Andrew Clements 

Byrd: The Great Service – review

This full-scale version of Byrd's work, including two five-part choirs, is a fascinating piece of musical conjecture, writes Andrew Clements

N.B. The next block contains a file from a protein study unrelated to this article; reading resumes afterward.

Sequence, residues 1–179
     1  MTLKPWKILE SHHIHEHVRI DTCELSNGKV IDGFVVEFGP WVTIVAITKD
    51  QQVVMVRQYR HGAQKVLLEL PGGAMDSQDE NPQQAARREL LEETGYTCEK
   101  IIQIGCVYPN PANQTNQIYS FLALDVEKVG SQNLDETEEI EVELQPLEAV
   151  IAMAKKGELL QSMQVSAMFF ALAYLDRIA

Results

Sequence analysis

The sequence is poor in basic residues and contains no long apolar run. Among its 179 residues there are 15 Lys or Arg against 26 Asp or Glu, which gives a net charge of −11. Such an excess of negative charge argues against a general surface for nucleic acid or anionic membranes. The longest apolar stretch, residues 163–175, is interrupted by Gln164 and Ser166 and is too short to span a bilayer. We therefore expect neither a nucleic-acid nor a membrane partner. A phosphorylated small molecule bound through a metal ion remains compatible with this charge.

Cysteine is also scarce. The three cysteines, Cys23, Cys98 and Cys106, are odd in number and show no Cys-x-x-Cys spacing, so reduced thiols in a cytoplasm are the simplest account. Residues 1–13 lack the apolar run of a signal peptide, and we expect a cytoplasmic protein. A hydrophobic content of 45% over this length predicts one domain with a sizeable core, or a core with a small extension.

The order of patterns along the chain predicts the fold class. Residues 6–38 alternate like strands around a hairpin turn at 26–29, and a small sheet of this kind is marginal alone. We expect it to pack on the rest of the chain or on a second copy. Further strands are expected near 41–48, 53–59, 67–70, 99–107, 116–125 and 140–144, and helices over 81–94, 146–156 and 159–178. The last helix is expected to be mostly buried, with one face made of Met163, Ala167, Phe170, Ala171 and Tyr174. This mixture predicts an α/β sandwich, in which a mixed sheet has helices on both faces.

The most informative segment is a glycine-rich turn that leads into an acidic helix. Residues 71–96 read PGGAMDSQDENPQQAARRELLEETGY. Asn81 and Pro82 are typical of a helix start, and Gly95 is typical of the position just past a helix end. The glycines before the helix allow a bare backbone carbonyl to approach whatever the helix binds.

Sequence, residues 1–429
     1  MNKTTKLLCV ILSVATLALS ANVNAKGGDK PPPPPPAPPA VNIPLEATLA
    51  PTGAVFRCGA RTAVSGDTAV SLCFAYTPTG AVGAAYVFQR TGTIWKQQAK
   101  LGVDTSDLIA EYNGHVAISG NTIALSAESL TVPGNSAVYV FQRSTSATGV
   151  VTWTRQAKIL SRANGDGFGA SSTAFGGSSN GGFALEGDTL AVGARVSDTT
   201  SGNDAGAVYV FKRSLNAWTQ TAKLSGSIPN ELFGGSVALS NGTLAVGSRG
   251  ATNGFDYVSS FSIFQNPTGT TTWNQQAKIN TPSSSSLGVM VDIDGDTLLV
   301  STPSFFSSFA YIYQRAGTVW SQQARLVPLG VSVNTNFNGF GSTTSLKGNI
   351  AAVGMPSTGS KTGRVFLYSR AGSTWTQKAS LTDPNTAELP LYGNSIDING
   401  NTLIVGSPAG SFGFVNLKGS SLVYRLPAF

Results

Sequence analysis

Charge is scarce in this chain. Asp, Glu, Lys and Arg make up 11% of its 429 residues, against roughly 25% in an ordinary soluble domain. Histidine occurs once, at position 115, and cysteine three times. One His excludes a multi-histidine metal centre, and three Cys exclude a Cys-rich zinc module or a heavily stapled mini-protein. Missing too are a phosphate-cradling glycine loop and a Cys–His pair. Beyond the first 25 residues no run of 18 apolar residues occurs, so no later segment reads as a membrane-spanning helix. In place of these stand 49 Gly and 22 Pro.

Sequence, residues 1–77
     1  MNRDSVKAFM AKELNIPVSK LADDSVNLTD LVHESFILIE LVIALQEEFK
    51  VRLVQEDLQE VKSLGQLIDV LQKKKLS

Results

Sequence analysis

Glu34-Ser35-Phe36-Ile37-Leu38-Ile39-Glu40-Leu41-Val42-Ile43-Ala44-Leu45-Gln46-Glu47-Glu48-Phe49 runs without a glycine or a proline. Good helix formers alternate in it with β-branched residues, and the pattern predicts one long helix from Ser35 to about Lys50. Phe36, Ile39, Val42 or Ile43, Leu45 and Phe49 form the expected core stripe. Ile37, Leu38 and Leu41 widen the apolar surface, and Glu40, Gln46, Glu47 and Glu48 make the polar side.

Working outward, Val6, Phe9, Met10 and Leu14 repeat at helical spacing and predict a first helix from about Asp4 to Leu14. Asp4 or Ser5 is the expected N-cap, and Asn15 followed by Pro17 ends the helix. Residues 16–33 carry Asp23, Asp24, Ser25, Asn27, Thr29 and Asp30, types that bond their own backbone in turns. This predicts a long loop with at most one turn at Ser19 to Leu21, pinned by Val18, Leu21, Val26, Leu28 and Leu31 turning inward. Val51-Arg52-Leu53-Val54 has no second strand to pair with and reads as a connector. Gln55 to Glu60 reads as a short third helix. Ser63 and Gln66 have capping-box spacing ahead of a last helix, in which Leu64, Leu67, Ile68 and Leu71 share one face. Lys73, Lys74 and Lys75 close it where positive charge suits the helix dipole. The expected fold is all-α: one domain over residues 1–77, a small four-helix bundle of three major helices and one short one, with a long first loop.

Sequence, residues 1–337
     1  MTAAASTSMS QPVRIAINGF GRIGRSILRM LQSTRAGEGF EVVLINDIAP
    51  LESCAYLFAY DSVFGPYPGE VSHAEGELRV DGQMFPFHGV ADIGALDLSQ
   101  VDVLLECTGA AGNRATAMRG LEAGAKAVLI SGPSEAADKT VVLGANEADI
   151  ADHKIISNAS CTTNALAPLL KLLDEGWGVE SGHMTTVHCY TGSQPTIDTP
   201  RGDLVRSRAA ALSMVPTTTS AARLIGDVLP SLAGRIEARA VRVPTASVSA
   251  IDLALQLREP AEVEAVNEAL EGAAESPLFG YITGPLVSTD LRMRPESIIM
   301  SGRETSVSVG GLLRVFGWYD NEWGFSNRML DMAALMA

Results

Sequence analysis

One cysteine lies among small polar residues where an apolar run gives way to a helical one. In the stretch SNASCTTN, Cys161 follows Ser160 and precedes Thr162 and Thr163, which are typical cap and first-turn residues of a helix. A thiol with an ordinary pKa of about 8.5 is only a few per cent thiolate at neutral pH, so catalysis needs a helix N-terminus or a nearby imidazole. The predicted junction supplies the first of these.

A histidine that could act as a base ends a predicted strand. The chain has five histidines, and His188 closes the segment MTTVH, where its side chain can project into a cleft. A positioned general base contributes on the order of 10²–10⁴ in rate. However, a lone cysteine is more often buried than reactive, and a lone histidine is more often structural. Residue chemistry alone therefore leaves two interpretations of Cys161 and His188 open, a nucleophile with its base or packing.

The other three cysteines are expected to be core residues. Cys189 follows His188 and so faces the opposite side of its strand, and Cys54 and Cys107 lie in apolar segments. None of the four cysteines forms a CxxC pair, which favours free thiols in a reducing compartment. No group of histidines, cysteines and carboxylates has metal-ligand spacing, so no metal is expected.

Rediscovered in the library of Durham Cathedral in 1922, the exact circumstances of the composition of what was immediately dubbed William Byrd's "Great Service" remain unknown. The sheer scale of the setting, including matins, communion and evensong, and the forces it requires – two five-part choirs – indicate that it was certainly written for use on state occasions at the Chapel Royal where Byrd, a Roman Catholic in the service of an Anglican monarch, was employed from 1572; the complete service is known to have been in existence by 1606 and was probably composed between 1597 and 1604. Most modern performances have either been given a cappella or with organ accompaniment, but in his notes to this recording, Musica Contexta's director Simon Ravens argues that Byrd might well have envisaged performances with much larger forces. That's the starting point for this reconstruction, in which sackbuts and cornetts as well as an organ accompany and reinforce the choirs; instrumental versions of motets from Byrd's 1607 Gradualia serve as preludes to each liturgy, earlier instrumental pieces are interpolated into the sequences and anthems composed for other occasions end the first and third parts. It's a fascinating piece of musical conjecture, even if the textures sometimes seem a little too overripe.